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Collection The Gerry Mulligan Collection

A Note from the Editor, Jon Newsom

The following recollections and thoughts about Gerry Mulligan's life and musical career are excerpted from many hours of a taped autobiography by Gerry conducted by Ken Poston in 1995. Gerry's wife, Franca, has permitted the Library of Congress to release portions of this autobiography for the first time, as part of The Gerry Mulligan Collection at the Library of Congress, Performing Arts Encyclopedia.

A brief biographical sketch of Gerry’s life reveals its many facets. Indeed, there is so much covered in this autobiography that much important material will have to be included in updated versions of this website over the coming years and months.

Each excerpt is accompanied by photographs as appropriate. We also plan to offer annotated transcripts of Gerry's recordings with Ken Poston and others, together with translations into several languages. The transcripts have been edited in the way that Gerry had begun to do himself and as we believe he would have wanted them to appear in print. Facts have been checked, persons, places, and works identified, and syntax occasionally corrected when it facilitates a reading of his words without benefit of hearing the expressive quality of his speaking, which usually makes his meaning clear. Gerry did not intend this to be a literary testimony but presented it in the spirit of a teacher who had much to tell young and aspiring artists about his art and the sometimes painful experiences of life.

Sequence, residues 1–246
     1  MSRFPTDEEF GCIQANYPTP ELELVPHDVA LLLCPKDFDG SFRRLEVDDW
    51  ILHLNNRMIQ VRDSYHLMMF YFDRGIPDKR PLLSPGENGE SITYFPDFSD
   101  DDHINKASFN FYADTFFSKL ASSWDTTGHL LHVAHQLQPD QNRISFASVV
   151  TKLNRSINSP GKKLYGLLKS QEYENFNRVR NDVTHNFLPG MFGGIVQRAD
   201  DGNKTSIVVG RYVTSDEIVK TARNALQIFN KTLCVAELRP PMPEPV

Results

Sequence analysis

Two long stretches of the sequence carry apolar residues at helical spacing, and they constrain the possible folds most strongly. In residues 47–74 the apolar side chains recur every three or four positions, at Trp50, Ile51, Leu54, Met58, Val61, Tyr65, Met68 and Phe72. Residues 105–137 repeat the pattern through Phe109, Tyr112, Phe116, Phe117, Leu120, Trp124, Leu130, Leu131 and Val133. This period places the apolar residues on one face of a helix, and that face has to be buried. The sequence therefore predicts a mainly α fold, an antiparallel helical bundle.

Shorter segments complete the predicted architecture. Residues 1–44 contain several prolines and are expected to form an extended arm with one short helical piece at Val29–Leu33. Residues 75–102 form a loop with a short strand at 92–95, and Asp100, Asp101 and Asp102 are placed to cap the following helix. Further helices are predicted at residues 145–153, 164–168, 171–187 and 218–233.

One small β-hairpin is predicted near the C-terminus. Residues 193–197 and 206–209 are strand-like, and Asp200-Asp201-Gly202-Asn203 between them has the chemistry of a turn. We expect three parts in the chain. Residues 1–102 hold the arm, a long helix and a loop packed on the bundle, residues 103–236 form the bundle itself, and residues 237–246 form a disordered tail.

There are ideas about music. There are some joyful reminiscences. We have concluded this series of excerpts, for those who wish to hear or read them as a sequence, with his happy memories of meeting his wife, Franca, while he was making a recording in Milan with Astor Piazzolla. But there are darker times he also wished to talk about, especially with young people facing the temptations of heroin and other devastating illegal drugs. He had been a heroin user during an era when rehabilitation was even more difficult than it is today, and when users were sometimes left to die of overdoses for fear of possible penalties that might descend upon anyone even circumstantially connected with illegal drugs.

Eventually, the entire series of recordings for the autobiography will be available at the Library of Congress for scholarly research.

We provide a brief commentary before each excerpt.

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